SM UB-55

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UB 148 at sea 2.jpeg
UB-148 at sea, a U-boat similar to UB-55.
History
German Empire
Name: UB-55
Ordered: 20 May 1916[1]
Builder: AG Weser, Bremen
Cost: 3,276,000 German Papiermark
Yard number: 267
Launched: 9 May 1917[2]
Commissioned: 1 July 1917[2]
Fate: sunk 22 April 1918 at 50°59′N 01°20′E / 50.983°N 1.333°E / 50.983; 1.333Coordinates: 50°59′N 01°20′E / 50.983°N 1.333°E / 50.983; 1.333 by mines, 30 dead[2]
General characteristics [2]
Class and type: German Type UB III submarine
Displacement:
  • 516 t (508 long tons) surfaced
  • 646 t (636 long tons; 712 short tons) submerged
Length: 55.85 m (183 ft 3 in) (o/a)
Beam: 5.80 m (19 ft)
Draught: 3.72 m (12 ft 2 in)
Propulsion:
Speed:
  • 13.4 knots (24.8 km/h; 15.4 mph) surfaced
  • 7.8 knots (14.4 km/h; 9.0 mph) submerged
Range:
  • 9,020 nmi (16,710 km; 10,380 mi) at 6 knots (11 km/h; 6.9 mph) surfaced
  • 55 nmi (102 km; 63 mi) at 4 knots (7.4 km/h; 4.6 mph) submerged
Test depth: 50 m (160 ft)
Complement: 3 officers, 31 men[2]
Armament:
Service record
Part of:
  • Flandern Flotilla
  • 30 August 1917 – 22 April 1918
Commanders:
  • Kptlt. Ralph Wenninger
  • 1 July 1917 – 22 April 1918
Operations: 7 patrols
Victories:
  • 21 merchant ships sunk (26,598 GRT)
  • 2 merchant ships damaged 12,809 GRT

SM UB-55 was a German Type UB III submarine or U-boat in the German Imperial Navy (German: Kaiserliche Marine) during World War I. She was commissioned into the Flanders Flotilla of the German Imperial Navy on 1 July 1917 as SM UB-55.[Note 1]

She operated as part of the Flanders Flotilla based in Zeebrugge. UB-55 was sunk at 05:05 on 22 April 1918 at 51°01′N 01°20′E / 51.017°N 1.333°E / 51.017; 1.333 after striking a mine, 30 crew members lost their lives in the event.[2]

Construction[edit]

She was built by AG Weser, Bremen and following just under a year of construction, launched at Bremen on 9 May 1917. UB-55 was commissioned later that same year under the command of Kptlt. Ralph Wenninger. Like all Type UB III submarines, UB-55 carried 10 torpedoes and was armed with a 8.8 cm (3.46 in) deck gun. UB-55 would carry a crew of up to 3 officer and 31 men and had a cruising range of 9,020 nautical miles (16,710 km; 10,380 mi). UB-55 had a displacement of 516 t (508 long tons) while surfaced and 646 t (636 long tons; 712 short tons) when submerged. Her engines enabled her to travel at 13.4 knots (24.8 km/h; 15.4 mph) when surfaced and 7.8 knots (14.4 km/h; 9.0 mph) when submerged.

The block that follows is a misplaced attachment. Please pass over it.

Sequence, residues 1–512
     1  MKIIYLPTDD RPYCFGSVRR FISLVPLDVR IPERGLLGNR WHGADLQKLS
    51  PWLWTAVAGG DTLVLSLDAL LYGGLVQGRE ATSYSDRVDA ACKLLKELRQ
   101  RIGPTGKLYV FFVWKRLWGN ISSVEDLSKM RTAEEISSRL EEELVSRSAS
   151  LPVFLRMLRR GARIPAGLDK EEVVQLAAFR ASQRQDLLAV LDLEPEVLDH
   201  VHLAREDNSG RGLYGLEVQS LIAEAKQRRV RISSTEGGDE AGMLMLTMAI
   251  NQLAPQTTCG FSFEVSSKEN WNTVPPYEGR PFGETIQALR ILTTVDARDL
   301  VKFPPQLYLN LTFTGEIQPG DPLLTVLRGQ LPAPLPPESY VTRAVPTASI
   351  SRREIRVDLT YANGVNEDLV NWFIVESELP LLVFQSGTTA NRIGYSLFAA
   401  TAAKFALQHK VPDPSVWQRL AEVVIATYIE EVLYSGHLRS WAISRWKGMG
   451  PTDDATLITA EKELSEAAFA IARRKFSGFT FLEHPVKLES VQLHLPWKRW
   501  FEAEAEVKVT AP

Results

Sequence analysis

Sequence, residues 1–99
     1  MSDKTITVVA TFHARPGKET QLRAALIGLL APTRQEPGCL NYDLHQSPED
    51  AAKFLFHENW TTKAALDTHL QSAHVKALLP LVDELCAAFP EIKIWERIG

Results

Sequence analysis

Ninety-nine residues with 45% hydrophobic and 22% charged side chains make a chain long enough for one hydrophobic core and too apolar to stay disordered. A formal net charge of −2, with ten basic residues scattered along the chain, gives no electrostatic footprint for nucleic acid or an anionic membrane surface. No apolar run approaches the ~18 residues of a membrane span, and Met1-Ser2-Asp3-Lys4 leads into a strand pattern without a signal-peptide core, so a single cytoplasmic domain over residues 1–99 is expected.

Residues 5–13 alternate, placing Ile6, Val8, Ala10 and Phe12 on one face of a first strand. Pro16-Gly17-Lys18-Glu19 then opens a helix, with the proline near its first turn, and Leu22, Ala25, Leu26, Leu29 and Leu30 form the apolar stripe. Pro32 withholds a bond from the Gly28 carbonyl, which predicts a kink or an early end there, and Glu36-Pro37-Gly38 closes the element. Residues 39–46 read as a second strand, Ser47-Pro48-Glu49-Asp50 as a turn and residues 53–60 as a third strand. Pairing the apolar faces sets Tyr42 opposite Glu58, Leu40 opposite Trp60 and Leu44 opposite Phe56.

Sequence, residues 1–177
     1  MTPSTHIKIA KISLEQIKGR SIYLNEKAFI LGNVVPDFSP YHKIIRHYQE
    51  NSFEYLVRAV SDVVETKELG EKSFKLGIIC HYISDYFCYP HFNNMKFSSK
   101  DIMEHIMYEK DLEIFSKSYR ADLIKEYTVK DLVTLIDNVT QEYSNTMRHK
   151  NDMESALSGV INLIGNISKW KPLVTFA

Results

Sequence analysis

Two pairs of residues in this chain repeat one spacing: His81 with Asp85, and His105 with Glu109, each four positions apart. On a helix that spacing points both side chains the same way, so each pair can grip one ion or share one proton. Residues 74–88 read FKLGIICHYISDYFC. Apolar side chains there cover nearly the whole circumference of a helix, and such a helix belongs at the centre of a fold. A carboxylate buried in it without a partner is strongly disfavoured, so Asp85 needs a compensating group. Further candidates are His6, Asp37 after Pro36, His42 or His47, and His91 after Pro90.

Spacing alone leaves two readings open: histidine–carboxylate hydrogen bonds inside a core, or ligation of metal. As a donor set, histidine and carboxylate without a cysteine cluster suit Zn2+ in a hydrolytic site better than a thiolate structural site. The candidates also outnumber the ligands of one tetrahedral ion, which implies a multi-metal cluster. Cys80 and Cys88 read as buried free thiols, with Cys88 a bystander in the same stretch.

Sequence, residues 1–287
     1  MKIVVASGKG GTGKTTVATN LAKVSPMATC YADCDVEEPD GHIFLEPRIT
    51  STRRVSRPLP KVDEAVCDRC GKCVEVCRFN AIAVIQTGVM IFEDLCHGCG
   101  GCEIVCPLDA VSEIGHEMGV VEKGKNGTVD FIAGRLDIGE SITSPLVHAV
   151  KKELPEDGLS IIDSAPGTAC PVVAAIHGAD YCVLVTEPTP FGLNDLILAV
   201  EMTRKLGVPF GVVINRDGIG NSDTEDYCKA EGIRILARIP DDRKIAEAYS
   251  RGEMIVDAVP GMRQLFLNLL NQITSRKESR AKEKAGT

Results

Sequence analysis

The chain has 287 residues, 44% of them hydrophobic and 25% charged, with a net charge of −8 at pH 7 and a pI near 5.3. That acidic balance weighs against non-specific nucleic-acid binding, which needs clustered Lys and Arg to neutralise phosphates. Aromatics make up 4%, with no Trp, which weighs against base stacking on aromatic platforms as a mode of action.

Summary of raiding history[edit]

Date Name Nationality Tonnage[Note 2] Fate[3]
5 November 1917 Clan Cumming  United Kingdom 4,808 Damaged
7 December 1917 Proba  United Kingdom 105 Sunk
8 December 1917 Corinto  Norway 999 Sunk
11 December 1917 Argus  Portugal 100 Sunk
11 December 1917 Ligeiro  Portugal 25 Sunk
11 December 1917 A Portuguesa  Portugal 107 Sunk
11 December 1917 Vigneira  Portugal 25 Sunk
16 December 1917 Foylemore  United Kingdom 3,831 Sunk
25 January 1918 Eastlands  United Kingdom 3,113 Sunk
26 January 1918 Manhattan  United Kingdom 8,001 Damaged
29 January 1918 Addax  United Kingdom 40 Sunk
29 January 1918 General Leman  United Kingdom 57 Sunk
29 January 1918 Ibex  United Kingdom 42 Sunk
29 January 1918 Perriton  United Kingdom 90 Sunk
29 January 1918 Perseverance  United Kingdom 51 Sunk
30 January 1918 Wellholme  United Kingdom 113 Sunk
14 March 1918 A. A. Raven  United States 2,459 Sunk
21 March 1918 Begonia  United Kingdom 3,070 Sunk
23 March 1918 Chattahoochee  United States 8,007 Sunk
23 March 1918 Madame Midas  United Kingdom 1,203 Sunk
23 March 1918 Mar Baltico  Spain 2,023 Sunk
23 March 1918 Venborg  Norway 1,065 Sunk
24 March 1918 Fileur  France 73 Sunk

References[edit]

Notes[edit]

  1. ^ "SM" stands for "Seiner Majestät" (English: His Majesty's) and combined with the U for Unterseeboot would be translated as His Majesty's Submarine.
  2. ^ Tonnages are in gross register tons

Citations[edit]

  1. ^ Rössler 1979, p. 55.
  2. ^ a b c d e f Gröner 1991, pp. 25-30.
  3. ^ Helgason, Guðmundur. "Ships hit by UB-55". German and Austrian U-boats of World War I - Kaiserliche Marine - Uboat.net. Retrieved 5 December 2014. 

Bibliography[edit]

  • Bendert, Harald (2000). Die UB-Boote der Kaiserlichen Marine, 1914-1918. Einsätze, Erfolge, Schicksal (in German). Hamburg: Verlag E.S. Mittler & Sohn GmbH. ISBN 3-8132-0713-7. 
  • Gröner, Erich; Jung, Dieter; Maass, Martin (1991). U-boats and Mine Warfare Vessels. German Warships 1815–1945. 2. Translated by Thomas, Keith; Magowan, Rachel. London: Conway Maritime Press. ISBN 0-85177-593-4. 
  • Rössler, Eberhard (1979). U-Bootbau bis Ende des 1. Weltkrieges, Konstruktionen für das Ausland und die Jahre 1935 – 1945. Die deutschen U-Boote und ihre Werften (in German). I. Munich: Bernard & Graefe. ISBN 3-7637-5213-7.